Did you hear about the basketball player who came out of the closet? Her name is Brittney Griner, and she's played for Baylor University. She's the #1 draft pick for the WNBA, and her coming out is certainly a momentous occasion for professional sports...
Wait... Is she not the basketball player you were thinking of? Perhaps you were thinking of Latasha Byears, who is one of the best players in the WNBA's history? No? Maybe you were thinking of Sheryl Swoopes? Or Michele Van Gorp? Maybe Sue Wicks? Maybe Ann Wauters?
No, of course not. You were thinking of that Jason Collins fellow, surely. But I think I make a point that there is already a list of professional women basketball players who are out, and for whom there is little fanfare.
I don't want to take anything away from Jason Collins. Coming out of the closet is a Big Deal. Having the courage to step into one's authentic life is an act of revolution. I am fully supportive of Mr. Collins.
Further, I do hope this paves the way for other athletes to come out, regardless of what league they are playing in. Professional athletes deserve to live their authentic truth, too.
Even further, I want to support and recognize what Mr. Collins actually said: "I'm a 34-year-old NBA center. I'm black. And I'm gay." This might be a way to start talking about the intersection between race and sexual orientation, and that would be a good thing for our culture as well.
But our national news media is not interested in those things, by and large. This is not a story of a man trying to live his truth. If that were the story, it would have been just as big a news story when the athletes I listed earlier came out.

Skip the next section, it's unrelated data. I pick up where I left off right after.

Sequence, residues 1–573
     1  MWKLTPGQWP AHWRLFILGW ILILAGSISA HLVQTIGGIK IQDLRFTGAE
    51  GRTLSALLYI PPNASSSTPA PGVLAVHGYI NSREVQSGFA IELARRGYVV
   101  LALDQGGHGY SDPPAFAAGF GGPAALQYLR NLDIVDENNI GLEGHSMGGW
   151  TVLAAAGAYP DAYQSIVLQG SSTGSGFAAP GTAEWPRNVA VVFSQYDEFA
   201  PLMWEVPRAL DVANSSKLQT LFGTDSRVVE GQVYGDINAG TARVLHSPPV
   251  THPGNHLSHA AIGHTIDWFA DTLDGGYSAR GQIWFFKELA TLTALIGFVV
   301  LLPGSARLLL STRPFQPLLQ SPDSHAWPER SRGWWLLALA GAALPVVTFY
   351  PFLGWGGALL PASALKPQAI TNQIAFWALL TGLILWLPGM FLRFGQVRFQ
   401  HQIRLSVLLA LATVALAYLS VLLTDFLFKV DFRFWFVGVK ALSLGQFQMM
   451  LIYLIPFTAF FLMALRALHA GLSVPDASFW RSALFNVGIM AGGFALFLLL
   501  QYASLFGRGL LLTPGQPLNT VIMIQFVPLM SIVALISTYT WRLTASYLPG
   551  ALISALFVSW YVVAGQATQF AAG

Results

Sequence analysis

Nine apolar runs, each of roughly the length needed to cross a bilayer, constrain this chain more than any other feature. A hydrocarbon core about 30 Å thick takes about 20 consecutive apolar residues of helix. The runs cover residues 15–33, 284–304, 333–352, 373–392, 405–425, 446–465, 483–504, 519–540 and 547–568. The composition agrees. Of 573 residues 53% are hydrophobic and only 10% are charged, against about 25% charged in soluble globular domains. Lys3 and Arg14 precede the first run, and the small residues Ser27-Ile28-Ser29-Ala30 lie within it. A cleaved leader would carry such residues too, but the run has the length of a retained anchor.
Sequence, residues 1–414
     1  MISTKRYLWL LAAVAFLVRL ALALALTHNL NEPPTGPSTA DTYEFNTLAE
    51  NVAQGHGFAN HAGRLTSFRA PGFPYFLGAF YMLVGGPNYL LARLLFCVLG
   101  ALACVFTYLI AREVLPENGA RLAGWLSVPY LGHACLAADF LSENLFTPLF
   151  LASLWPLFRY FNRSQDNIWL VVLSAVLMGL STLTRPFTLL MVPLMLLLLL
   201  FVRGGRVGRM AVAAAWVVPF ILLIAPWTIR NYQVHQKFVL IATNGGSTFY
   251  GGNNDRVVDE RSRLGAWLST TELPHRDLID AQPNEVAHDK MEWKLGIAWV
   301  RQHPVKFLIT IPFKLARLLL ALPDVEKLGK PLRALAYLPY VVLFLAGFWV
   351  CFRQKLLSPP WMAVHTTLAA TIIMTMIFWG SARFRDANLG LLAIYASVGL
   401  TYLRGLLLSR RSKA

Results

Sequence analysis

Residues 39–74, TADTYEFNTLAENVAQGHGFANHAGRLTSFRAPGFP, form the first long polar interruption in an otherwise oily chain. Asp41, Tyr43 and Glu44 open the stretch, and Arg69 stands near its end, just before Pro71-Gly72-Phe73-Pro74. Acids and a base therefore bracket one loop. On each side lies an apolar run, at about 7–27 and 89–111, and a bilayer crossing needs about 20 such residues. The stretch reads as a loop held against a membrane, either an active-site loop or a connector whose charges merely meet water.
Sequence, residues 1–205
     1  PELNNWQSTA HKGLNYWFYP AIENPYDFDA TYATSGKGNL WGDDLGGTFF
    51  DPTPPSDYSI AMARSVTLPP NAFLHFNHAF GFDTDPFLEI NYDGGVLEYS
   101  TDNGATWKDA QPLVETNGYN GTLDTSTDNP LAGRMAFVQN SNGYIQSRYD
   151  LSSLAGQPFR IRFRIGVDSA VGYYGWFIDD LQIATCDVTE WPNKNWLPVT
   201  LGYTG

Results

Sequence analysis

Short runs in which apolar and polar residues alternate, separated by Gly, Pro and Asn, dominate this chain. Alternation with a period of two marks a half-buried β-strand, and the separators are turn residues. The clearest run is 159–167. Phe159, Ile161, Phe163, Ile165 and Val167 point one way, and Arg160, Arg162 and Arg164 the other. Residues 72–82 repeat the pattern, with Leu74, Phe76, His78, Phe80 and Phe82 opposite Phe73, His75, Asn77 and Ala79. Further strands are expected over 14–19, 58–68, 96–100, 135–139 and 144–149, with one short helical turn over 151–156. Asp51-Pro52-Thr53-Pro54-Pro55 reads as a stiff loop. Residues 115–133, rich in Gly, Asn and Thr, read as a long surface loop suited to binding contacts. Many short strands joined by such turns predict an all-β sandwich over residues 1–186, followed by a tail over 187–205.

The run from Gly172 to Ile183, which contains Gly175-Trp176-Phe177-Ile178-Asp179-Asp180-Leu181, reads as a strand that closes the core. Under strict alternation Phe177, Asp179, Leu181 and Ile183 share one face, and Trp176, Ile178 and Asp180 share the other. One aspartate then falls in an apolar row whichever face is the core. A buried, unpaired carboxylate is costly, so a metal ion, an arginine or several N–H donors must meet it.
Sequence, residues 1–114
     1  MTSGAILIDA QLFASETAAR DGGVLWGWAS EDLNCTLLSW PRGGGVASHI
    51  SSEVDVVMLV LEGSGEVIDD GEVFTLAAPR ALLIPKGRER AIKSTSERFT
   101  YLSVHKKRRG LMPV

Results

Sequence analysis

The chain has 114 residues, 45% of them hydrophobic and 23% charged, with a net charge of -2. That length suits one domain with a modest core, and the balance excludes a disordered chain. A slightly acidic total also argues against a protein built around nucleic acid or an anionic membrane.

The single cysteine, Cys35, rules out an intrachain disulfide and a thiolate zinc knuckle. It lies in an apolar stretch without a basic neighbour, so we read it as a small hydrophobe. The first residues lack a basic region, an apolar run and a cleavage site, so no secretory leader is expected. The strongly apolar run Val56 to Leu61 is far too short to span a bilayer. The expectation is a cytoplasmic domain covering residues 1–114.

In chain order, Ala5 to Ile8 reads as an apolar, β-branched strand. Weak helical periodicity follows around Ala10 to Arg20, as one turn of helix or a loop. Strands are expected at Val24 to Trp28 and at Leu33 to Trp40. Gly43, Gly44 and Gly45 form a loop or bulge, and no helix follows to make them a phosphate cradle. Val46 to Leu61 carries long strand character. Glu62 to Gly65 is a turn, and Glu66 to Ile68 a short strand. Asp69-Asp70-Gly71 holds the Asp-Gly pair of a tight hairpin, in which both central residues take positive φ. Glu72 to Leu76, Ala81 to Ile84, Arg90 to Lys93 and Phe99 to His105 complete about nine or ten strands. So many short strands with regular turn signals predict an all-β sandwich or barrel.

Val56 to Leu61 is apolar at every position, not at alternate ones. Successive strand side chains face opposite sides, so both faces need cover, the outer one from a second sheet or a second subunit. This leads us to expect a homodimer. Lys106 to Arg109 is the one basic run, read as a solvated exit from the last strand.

The point of this little post is this: Mr. Collins' coming out of the closet is a big news item for two reasons. One, because it might discomfort heterosexual men, who are the only ones anyone is talking about. ("Will the fans follow him? What will his fellow teammates think?" Notice the assumption here that the fans and teammates are heterosexuals who are likely to be threatened, and not queer folks who are likely to feel validated.) And two, because it might cost someone some money. ("Will people still watch? Will sponsors back out?")
It's still early days on this, and maybe someone else will say something more insightful later, and I'll be able to post a link to that. But for now, I think it is always interesting to notice when the power lines of our culture are exposed. And here, it's about heterosexual privilege, hegemonic masculinity, and profit. And so good for Jason Collins coming out of the closet, and challenging those things.